If you want to block access to your cards, one easy way is to add .) a few to you purse, if there are enough a reader is not able to supply enough power or .) add an (old) card to your wallet that does not support anticollision (e.g. many of the access cards for doors), this makes it impossible for the reader to address an individual card. (which is what I did, but I took a new one with some custom software. I have this card on one side of my purse, the banking card on the other one, so if I open the purse it works again)One other pretty bad thing is that these cards are vulnerable to relay attacks. Using two internet connected mobile phones one can relay the payment process to a card that is in e.g. someones pocket. The main problem here is the horrendously big timeout on the readers. Sure, it only works for small amounts, but still…Btw. there have already been some cards that implemented display and buttons for pin entry. The feedback of e.g. the german banks (this one I know of) was simply that such a card would be too costly. No wonder if you think about it, the high security controllers that are used in those chipcards cost 30-40 cents when bought in bigger numbers (those are the real expensive, high performance ones…). On that scale, even a cheap integratec pushbutton is costly…
You don’t need to worry too much about frauds, when you card is cloned and used only through the mag stripe, the risk is on the acquirer/bank institution. That’s why EMV was created, to add security to the card and shift the responsibility to the final user.
Yes and no — while that’s the correct theory, the agreement with banks vary quite a lot case by case. In the case of my Italian cards, I have had the bad experience of trying to repudiate a single €140 transaction, and the paperwork required, including a pointless report to Italian police (when the cloning clearly happened in Los Angeles) drove me away from trying to claim it.Also, it’s not possible to claim back money lost on transactions for debit cards, so if you get your (EMV) debit card cloned, you’re still shafted.
There are no EMV chip cloning reports at this time, the only possible way to be cheated is by someone stealing your PIN AND your card. The worst that could happen is to be forced to withdraw all your money at an ATM or something, at gun point.
You haven’t read the post, have you?You are correct, there is no known way to copy the EMV chip. **But the data readable from the chip without a PIN contains enough information to make a non-EMV clone of the card.** Namely the TRACK1/TRACK2 data. Which is also visible by NFC.But you’re absolutely wrong if you think that “the only possible way to be cheated is by someone stealing your PIN” — first of all, you can skim an EMV card just fine if it’s designed to still be usable in the USA (see [my other post](https://blog.flameeyes.eu/2… — the MasterCard was cloned once in SoCal).Also, look at the comment by Andrea to see how the PIN is not as safe as we’d like it to be.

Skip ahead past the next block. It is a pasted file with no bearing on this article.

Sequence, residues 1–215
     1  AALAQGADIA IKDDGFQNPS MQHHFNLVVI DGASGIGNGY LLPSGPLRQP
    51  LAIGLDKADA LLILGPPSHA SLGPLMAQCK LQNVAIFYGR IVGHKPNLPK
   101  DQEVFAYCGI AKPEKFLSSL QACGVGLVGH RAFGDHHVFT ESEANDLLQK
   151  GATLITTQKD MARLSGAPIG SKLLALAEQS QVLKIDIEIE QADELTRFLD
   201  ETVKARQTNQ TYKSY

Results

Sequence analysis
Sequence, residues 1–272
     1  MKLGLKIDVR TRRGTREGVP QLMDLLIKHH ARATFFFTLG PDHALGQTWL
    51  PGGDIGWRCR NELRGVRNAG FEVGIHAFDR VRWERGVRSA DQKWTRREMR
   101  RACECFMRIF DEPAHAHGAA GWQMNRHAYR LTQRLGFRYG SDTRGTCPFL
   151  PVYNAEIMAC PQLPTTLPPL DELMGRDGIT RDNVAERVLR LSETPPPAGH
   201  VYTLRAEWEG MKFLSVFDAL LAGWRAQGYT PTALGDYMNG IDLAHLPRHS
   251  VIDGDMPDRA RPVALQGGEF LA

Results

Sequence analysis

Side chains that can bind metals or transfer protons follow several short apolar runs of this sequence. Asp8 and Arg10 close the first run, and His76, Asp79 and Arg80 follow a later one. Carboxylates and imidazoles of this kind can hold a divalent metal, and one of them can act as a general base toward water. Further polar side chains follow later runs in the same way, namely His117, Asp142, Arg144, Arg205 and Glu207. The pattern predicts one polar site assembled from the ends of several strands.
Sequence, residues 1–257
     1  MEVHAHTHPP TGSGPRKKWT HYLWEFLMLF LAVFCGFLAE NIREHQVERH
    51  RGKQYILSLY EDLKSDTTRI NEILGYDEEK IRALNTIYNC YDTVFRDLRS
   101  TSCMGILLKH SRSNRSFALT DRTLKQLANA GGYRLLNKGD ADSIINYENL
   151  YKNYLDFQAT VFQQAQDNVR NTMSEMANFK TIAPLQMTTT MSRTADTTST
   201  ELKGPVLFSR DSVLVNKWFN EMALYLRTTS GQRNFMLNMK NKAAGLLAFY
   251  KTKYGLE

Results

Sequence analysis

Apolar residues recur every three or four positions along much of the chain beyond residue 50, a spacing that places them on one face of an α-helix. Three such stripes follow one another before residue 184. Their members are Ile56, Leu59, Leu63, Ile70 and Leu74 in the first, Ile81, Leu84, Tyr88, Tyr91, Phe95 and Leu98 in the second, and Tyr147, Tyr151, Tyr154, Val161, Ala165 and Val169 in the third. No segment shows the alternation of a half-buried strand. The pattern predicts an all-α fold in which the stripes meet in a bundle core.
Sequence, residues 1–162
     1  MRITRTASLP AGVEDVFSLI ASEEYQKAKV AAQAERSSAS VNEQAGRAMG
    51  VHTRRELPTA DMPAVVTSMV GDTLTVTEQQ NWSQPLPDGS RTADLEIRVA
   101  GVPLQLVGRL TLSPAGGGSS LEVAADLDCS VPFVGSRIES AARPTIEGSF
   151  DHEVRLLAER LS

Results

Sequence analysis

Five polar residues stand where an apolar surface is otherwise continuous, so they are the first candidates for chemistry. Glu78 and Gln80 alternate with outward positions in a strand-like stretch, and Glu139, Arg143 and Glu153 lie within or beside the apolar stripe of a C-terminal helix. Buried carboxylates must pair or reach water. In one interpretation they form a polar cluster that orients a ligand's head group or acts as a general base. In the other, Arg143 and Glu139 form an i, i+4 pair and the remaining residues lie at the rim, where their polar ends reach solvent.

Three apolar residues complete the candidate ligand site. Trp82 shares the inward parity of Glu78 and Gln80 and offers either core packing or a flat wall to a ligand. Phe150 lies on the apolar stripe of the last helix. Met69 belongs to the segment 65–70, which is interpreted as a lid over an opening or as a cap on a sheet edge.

Spidey,You are correct in stating the liability shifts from the consumer to the bank when fraud occurs unless the fraudulent transactions involved EMV, however you’re statement explaining there has been no recorded clones of EMV. We could go back and forth however I’ll just cut to the chase and present facts back with references so the audience can verify the truth. You say EMV fraud does not exist what you fail to consider is how long the rest of the world has been using EMV and you failed to research credit card fraud in Europe. Europe has been using EMV for a considerable amount of years yet they still have credit card fraud along with Africa which is has the highest amount of fraud recorded in the world. Let’s just look at this with our common sense without considering the numbers of the bankers say all cloning fraud will be eliminated with EMV yet years after countries like Europe and Africa have adopted EMV credit card fraud still exist and is being recorded. The only thing EMV changed is the bank compensating fraudulent transactions. There is not any added layer of security within EMVvs Mag strip, cloning fraud has not been eliminated google pre play attacks, and once again the consumer has been gotten the short end of the stick while the politicians and the banks flourish.